This (Friday) morning I had written in my head what I wanted to say for this post. It is only 6pm and enough has changed, and I wouldn't be surprised if more does, that I have a more complete story to tell.
You see, it began with the saxophone. I am playing more, and so I was invited/put the idea out there to play this Easter Sunday as we will be in a larger setting and the instrument will not be so loud. The band practiced together in the house for the first time this morning, while I was outside figuring out the notes to every song (the only problem with playing this instrument--being tuned to E♭). So there I was, waiting for the rest of the band, already nervous for how this would go. It's Friday. We are playing on Sunday...
Then Mariela is there and I comment on how I missed her on Wednesday. I remember the conversation with Sol on the walk back from the girls' institute about how Mariela can't just not come, she needs to let me know ahead of time. "Tendrias que retarla," she tells me. "You ought to rebuke her... challenge.. reprimand her.."
This word is hard for me, but I know it is true. I stop to think about the types of challenges that work best for me. The ones that do not arouse my spirit of rebellion, if you know what I mean.
Mariela tells me she doesn't plan on coming anymore for Wednesdays. Just Fridays. Which leaves me alone for two out of three days of visiting. I already feel defeated. "Por?" I ask her.
She doesn't have a reason; one can see her own recognition of lame excuses. But I don't say anything to her because it's early and I'm more agitated about the practice that's about to happen. Even though I know God is good. Even though I know the sax will work out in time.
We have a team meeting where hardly anybody comes because it's Good Friday; I assume that everyone assumes we won't meet because it's a holiday. I sneak out a little bit early to prepare the bag for things to do while we are with the girls this afternoon. In the midst of this, the woman in charge of giving the lesson for Escuelita Saturday morning comes in. She tells me she was sick this week and didn't have a chance to prepare the lesson. "Can you do it?"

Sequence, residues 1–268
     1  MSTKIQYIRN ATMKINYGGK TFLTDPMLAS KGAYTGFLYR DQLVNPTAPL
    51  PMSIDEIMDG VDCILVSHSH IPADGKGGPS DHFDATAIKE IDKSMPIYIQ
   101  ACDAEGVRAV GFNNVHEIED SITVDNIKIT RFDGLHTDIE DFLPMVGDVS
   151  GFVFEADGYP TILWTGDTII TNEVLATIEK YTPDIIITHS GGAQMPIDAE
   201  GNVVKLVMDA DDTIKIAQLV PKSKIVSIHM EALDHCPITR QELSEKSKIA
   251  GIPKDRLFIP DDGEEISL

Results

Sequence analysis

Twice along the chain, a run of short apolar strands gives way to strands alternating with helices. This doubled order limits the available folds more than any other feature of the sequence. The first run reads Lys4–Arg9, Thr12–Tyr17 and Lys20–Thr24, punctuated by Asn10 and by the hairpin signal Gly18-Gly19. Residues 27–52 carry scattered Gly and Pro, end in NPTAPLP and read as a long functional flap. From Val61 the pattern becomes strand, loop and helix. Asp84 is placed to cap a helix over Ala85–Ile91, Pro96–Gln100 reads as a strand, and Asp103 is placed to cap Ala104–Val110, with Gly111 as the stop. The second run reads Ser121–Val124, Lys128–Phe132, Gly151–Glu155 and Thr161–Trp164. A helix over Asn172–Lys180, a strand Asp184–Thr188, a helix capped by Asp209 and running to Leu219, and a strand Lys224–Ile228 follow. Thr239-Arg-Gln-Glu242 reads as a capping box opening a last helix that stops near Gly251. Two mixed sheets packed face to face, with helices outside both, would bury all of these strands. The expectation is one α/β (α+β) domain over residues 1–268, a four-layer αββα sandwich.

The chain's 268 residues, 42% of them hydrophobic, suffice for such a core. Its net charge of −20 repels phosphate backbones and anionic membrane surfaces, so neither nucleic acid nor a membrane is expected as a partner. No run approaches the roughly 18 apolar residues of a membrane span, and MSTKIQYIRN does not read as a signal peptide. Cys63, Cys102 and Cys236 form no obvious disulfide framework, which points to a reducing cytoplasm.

I almost want to say yes just because I'm exhausted, but I say no. "What about earlier this week? There was not a single chance to prepare something??" I remind her that it's only 10 to 15 minutes of lesson time. I remind her that figuring out what to talk about couldn't be easier right now--it's HOLY WEEK!!!
Mariela comes, but without her sister, so I call Flor to join us. Mariela puts her headphones in for the entire walk over. In the institute, all the girls make comments wondering where they have been. "Why are they so inconsistent?" I hope it sinks it, but it also hurts me to hear it.
On the way back, it feels like Mariela is a different person. I didn't get a chance to see what she was doing, as I stayed in the kitchen helping to make pancakes, US style (which were a hit, by the way), so I have no idea if she was doing okay or not. I thought that maybe that could be a part of the issue, that I give too much freedom in how things are run in the institute. Yes, I could be better at this...
But as I said, she is a different person. She is smiling, and she has put her phone away. She is talking with Flor about how she enjoyed today with the kids. (Sigh). Flor parts for her house, leaving Mariela and me a chance to say what I had been praying about all along. And it couldn't have come at a better moment--at the peak of her excitement for doing what she knows she wants to do long term.
"So if working with kids with these needs is something you enjoy so much, why give up coming on Wednesdays?"
She smirks, a look to say "I knew this was coming."
"It's just when I'm in the house," she tells me. "I don't want to leave. I'm lazy."
"And I understand that. If only we could remember how we always leave with a sense of accomplishment, like we're doing what we were made for, to help us get out of our chairs," I say.
She agrees, and being the dramatic one that I am, I added one more question. "Just answer me this, Mariela. This decision: is it for your sake, or was it God's idea?"
She laughs. "All right, all right. I'll come. I don't know what I was thinking before."
A few minutes later, I get a call from the woman helping with Escuelita. "I've got something prepared," she tells me.
What could have happened had I not said anything? Had I told both of them, "Ok, I'll figure something out"? Sometimes it's a test of leadership; sometimes it's a test of realizing as the body of Christ how much we need each other. How much we really should be depending on each other.
Brothers and sisters, if someone is caught in a sin, you who live by the Spirit should restore that person gently. But watch yourselves, or you also may be tempted. Galatians 6:1
Important implications involved in these verses: that we must be walking in the Spirit. That we must be careful ourselves. But over all, that we must say something, even when it is difficult. Take heart, God is with you!